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Two Strangers Bond Over Voltron

Jimmy extracted himself from his 1998 hatchback and stretched. He found a rogue fry in his red beard, glanced around and found exactly zero people watching him, and tossed it into the parking lot for the group of birds that seemed to be waiting for something.

“There you go,” he said as he made his way to the only building at the rest stop.

The place wasn’t bad. He’d been in worse on this trip, but he was happy that he’d be at his destination in less than three hours. And the next morning…Salt Lake FanX would begin! Back outside he breathed in the thin, mountain air.

He’d been through the list of artists several times, and there were quite a few that he’d never met before. That boded well for his geeky art collection. He needed a few more characters to fill out his Star Wars wall, along with two more versions of Harley Quinn to go with all of the Jokers he had.

This would be his first time in Salt Lake, and he was looking forward to the convention.

“Nice shirt.”

Jimmy stopped in his tracks, pulled out of his musings about art by a short, muscular girl with long blond hair that was up in a ponytail. She wore a tank top and shorts. He looked down at himself, because he had so many geeky shirts that he literally forgot which one he put on about five minutes after he got dressed, and smiled. “You like Voltron?” It was the classic version, not the newer Netflix remake…which wasn’t half bad.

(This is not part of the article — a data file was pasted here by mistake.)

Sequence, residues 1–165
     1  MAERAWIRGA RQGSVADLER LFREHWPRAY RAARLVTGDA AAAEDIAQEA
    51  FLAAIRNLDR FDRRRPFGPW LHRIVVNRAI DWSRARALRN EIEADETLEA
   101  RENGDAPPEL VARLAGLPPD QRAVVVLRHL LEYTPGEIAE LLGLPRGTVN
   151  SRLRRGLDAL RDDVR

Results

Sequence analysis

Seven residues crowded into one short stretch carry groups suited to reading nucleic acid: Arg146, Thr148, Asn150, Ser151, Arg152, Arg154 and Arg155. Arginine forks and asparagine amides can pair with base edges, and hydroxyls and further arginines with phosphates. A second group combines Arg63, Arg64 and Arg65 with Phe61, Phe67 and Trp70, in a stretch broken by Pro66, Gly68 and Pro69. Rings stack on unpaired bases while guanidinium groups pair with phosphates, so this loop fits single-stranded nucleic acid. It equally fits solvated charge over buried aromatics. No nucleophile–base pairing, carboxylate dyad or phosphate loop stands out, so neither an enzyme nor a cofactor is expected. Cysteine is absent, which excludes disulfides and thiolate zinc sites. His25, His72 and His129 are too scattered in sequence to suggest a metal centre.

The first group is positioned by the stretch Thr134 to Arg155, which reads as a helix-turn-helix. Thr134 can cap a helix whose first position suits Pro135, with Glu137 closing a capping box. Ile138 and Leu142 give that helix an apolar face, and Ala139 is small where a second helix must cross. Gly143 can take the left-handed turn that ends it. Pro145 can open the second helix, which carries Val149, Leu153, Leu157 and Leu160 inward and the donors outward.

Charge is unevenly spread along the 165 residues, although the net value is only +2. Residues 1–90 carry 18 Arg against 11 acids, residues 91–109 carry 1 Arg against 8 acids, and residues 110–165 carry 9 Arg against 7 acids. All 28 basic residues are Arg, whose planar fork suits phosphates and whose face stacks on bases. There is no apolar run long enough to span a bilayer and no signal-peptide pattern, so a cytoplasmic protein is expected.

She smiled and held out a notebook the size of a regular piece of paper. “Keith is my favorite.”

So she was into the brooding characters, huh? There could be hope for her. When she turned her notebook around Jimmy’s jaw dropped open.

He’d seen a lot of comic and geeky art. He owned more than most people would ever see in their lifetime. He had whole walls dedicated to different fandoms, and had driven from New York to come to this FanX event.

The drawing was rough and black and white, but in a way that made it better. Keith, the brooding character from Voltron, practically leapt from the page, his dark eyes fixed on Jimmy, and his Blade of Mamora coming for Jimmy’s throat. He looked at the girl. “Wow, that’s really good.”

“Thanks.” She blushed and looked at the drawing with a smile. “Are you going to FanX?”

“I am.”

A couple with a little boy passed Jimmy, giving him the evil eye.

He sighed inwardly and looked around for this girl’s parents or siblings or whatever. The last thing he wanted was for someone to call him in as a creeper.

“Do you like the original better than the new one?” the girl asked.

Jimmy shrugged and made sure there was plenty of distance between them. “The old one is pretty cheesy. Have you seen it?”

“Yeah. It’s okay.” She shifted, and Jimmy couldn’t help but notice the muscles in her arms and legs. Why a thirteen-ish year old girl so buff?

“But you like the new one better?” he asked.

“So much better.” She grinned. “I mean, the plot is great, and I cried like three times. I’ve watched the whole thing at least ten times.”

If Jimmy had had a younger sister, this is the girl he’d want it to be. “Do you have any more drawings?”

Her eyes lit up, and she flipped through a few pages. Different characters from the show that were almost as good as her depiction of Keith. “Seriously, these are really, really good. Are you going to FanX?”

“No.” Her shoulders slumped and she looked down at her drawings. “I’m on my way to a gymnastics meet.”

“Oh, that’s cool.”That explained why she was so muscular. “Have you been doing it long?”

“Yeah, we’re going to a national tournament.”

“Wow. How do you do gymnastics and draw?” And watch Voltron, he wondered. The only personal experience Jimmy had playing sports was in the Wii, but he knew athletes spent a lot of time training. Like all of their time.